Trivia time #20

In the film Namak Halaal (1982) there is a funny scene in the hotel club where Arjun (Amitabh Bachchan) has food spilled on one of his shoes; when he tries to clean it off in the canal that goes through the club, he loses it, and then spends the next 20 minutes or so trying desperately to get it back without being noticed (this naturally involves a drunk man falling in, Amitabh almost falling in, and general mayhem).

Which Hollywood film is this scene copied (almost exactly) from?

Pavitra and Filmi Girl knew that it’s The Party (1968), Blake Edwards’ hilarious comedy which starred Peter Sellers as hapless Indian actor Hrundi Bakshi. One of my favorite not-Hindi movies!

(I do apologize for the poor quality of the Peter Sellers screen cap here, but you get the idea!)

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12 Comments to “Trivia time #20”

  1. This scene was copied from ‘The Party’ starring the great Peter Sellers. This movie is hilarious & a must-watch. Who can forget ‘Birdie Num-Num’ !

    Take care,


  2. That would be “The Party” with Peter Sellers, right?! I love that film.

  3. It is indeed The Party…such a hilarious film. Amitabh even copied Peter Sellers’ mannerisms in this scene!

  4. I didn’t know the answer but I love that scene from Namak Halaal – it’s hysterical.

    In discussions about racist stereotypes of Indians in America, Peter Sellers is often cited as the canonical offensive representation of that stereotype. (Such discussions can be found, for example, on blogs like Ultrabrown and Sepia Mutiny, in connection with last year’s Apu-related promotions for the Simpsons movie.) This must be the Peter Sellers character in question, I’d imagine. It’s somewhat ironic that the scene was borrowed so wonderfully for a Hindi film while the character is today perceived by some to be terribly offensive.

  5. I’ve read a lot of opinion on the subject too; the thing about The Party is that Hrundi is pretty much the only “sane” person in the house (and therefore film). It’s a very satirical look at Hollywood (and by extension, America) circa mid-60’s, and how shallow, superficial and vain it is. Hrundi, in stark contrast, is kind, good-hearted, down-to-earth and empathetic—and he gets the girl (Claudine Longet) in the end! He’s a real person, not a stereotype. If it’s “stereotyping” because he imitates the way many Indians speak English (and by imitating I don’t mean mocking) then I can’t see what’s really offensive about it.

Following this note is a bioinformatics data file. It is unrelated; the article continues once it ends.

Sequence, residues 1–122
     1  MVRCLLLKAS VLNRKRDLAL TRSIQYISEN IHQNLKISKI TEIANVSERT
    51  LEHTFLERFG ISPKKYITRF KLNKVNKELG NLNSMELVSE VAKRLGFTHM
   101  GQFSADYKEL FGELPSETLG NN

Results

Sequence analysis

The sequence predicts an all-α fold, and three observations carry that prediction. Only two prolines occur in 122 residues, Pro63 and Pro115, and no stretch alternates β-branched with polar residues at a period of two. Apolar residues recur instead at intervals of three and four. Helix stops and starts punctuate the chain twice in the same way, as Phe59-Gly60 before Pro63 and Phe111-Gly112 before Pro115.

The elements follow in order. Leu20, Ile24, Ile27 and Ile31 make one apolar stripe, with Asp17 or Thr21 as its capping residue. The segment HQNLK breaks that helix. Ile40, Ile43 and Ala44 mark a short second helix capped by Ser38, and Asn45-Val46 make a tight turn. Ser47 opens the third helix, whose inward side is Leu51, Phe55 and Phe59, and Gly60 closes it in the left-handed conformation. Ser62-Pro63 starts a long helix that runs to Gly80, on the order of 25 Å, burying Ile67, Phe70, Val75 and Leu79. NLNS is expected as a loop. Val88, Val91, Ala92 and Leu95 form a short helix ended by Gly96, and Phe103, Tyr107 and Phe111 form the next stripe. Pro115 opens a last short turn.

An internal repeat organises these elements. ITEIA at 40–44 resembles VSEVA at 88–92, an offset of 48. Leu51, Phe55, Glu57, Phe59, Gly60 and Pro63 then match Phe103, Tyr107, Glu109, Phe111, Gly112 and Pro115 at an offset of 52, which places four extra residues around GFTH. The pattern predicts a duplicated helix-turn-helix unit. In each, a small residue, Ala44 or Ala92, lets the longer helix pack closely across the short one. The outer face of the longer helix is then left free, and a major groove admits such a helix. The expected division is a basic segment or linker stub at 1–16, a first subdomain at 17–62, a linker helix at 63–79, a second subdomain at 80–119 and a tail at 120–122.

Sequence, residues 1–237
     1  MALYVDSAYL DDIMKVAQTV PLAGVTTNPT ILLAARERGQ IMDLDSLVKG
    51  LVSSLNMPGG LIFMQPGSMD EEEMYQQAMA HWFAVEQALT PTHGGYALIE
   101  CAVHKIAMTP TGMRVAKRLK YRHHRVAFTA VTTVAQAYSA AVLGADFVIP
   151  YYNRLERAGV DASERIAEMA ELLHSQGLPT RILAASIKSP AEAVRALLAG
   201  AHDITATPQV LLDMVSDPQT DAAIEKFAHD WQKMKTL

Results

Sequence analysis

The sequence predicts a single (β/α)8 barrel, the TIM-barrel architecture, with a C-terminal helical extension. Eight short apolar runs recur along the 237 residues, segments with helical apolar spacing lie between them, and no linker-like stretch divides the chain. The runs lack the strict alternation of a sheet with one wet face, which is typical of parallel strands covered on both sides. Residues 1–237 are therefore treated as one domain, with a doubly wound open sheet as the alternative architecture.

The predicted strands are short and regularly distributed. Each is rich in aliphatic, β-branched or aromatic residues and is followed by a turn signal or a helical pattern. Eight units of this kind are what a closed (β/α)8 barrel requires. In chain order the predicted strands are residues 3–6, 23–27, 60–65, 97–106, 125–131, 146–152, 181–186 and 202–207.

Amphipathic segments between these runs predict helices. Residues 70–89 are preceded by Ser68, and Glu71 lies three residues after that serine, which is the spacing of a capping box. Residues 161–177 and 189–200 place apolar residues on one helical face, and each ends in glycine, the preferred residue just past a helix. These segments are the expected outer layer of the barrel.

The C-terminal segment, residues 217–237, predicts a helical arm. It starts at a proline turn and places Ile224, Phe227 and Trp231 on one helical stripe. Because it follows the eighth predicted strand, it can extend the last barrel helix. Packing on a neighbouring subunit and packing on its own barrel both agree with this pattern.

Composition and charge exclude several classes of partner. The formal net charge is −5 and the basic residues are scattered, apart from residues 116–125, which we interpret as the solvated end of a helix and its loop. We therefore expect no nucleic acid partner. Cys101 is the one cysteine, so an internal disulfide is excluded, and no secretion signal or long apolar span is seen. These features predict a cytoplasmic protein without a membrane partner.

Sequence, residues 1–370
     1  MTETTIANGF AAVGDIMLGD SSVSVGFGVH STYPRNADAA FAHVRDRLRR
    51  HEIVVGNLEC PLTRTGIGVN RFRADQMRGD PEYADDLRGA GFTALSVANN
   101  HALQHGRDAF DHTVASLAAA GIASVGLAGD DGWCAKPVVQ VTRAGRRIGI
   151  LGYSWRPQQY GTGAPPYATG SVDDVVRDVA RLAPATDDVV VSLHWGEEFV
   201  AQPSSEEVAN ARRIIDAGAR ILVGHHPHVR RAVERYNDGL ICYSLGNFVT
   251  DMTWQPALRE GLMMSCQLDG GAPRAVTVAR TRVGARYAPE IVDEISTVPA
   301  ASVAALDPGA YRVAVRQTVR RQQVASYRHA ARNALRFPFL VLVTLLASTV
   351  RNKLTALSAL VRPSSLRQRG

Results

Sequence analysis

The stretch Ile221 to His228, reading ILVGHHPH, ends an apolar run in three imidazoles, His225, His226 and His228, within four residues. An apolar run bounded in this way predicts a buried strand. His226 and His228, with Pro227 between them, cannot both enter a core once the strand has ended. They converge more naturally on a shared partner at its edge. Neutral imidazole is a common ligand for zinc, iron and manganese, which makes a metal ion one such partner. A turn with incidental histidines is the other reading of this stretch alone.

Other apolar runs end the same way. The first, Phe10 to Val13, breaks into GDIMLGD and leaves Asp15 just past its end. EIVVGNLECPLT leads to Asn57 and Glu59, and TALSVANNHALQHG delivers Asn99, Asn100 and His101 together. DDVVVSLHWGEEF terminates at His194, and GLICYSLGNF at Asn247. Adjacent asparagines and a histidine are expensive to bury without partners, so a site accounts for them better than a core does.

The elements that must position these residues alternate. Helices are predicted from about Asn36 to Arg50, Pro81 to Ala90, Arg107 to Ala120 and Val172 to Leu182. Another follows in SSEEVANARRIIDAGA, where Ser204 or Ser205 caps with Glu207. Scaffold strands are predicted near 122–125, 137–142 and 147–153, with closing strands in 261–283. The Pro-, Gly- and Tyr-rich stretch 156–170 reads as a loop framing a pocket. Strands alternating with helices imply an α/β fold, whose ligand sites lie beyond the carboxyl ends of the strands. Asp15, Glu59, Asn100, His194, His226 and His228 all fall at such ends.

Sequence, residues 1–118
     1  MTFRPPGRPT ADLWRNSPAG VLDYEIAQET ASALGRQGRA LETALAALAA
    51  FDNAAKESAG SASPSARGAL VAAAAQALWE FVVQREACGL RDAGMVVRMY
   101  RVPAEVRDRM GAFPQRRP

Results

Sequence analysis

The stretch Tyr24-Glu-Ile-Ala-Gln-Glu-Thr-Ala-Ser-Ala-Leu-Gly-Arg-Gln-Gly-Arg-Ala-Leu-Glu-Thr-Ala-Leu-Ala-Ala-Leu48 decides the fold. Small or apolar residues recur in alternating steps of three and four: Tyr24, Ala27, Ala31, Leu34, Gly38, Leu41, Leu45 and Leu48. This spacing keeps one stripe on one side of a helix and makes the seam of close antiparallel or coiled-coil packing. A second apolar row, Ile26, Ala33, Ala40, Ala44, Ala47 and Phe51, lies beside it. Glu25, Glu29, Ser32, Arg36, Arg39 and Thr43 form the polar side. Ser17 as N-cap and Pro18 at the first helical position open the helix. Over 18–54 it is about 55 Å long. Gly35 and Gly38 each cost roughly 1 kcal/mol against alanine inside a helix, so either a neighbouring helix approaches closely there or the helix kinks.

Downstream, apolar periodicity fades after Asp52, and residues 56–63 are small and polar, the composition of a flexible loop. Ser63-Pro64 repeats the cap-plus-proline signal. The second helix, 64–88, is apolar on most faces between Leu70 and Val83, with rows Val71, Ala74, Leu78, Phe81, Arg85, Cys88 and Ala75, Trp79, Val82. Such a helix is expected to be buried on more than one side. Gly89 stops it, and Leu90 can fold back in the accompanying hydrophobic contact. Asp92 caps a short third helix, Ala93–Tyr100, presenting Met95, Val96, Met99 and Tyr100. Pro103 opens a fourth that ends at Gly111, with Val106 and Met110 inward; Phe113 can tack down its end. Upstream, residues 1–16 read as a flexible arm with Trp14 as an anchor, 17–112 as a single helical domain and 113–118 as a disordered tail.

I can see the Apu character as being offensive (Seven-Eleven-owning, Slurpee purveying etc.) but I think anyone who thinks Peter Sellers was offensive in this portrayal hasn’t seen the movie or wasn’t paying attention.

    It’s just a great movie—and as much as I love Namak Halaal and the Big B, Peter Sellers is much funnier than Amitabh doing this schtick.

  6. I agree, Memsaab, I don’t think Peter Sellers was offensive in “The Party.” Rather than Apu, his character was more like if Homer had been invited to a big Hollywood party. :D

    I’m a lot more disgusted with “The Love Guru” advertising. Since I haven’t seen the film, I can’t comment on how Indians are portrayed, but from the trailers it looks like Mike Meyers exaggerates all the worst sterotypes without actually putting on blackface.

  7. Bid B copied a comedian! O well, Sellers and Blake Edwards made a great team and certainly were worth copying, I guess. Havent seen The Party but their Pink Panther series were hilarious.

  8. Just to be clear – I wasn’t saying that I found Peter Sellers offensive – I’ve never even seen the film. I was saying only that I’d read comments of other people citing him as the canonical offensive portrayal, and it wasn’t until I read your post that I had any idea what film the portrayal was in.

  9. Sorry Carla :-) I knew that, my tirade wasn’t directed at you.

    Mujhe maaf kardo!

  10. This is a weird movie, but there are 3 reasons why I like it. 1) Shashi 2) Smita Patil (one of India’s best actresses) and 3) The Music, in no paticular order.

  11. It is chock full of masala goodness. I think seeing Smita and Amitabh together is such a treat—she really was a great actress.

  12. I’ve seen the movie (The Party) and knew the answer to your question. :D
    I personally didn’t find his character offensive. Here’s what happens – some folks just get an A in Racism 201 and then suddenly they start seeing everything as offensive. And how exactly does one determine the grey cases of racism, more so when some Indians say they found it offensive, and others say they didn’t? Badi mushkil hai, is progressive world mein, what with false positives like the Duke case. ;)

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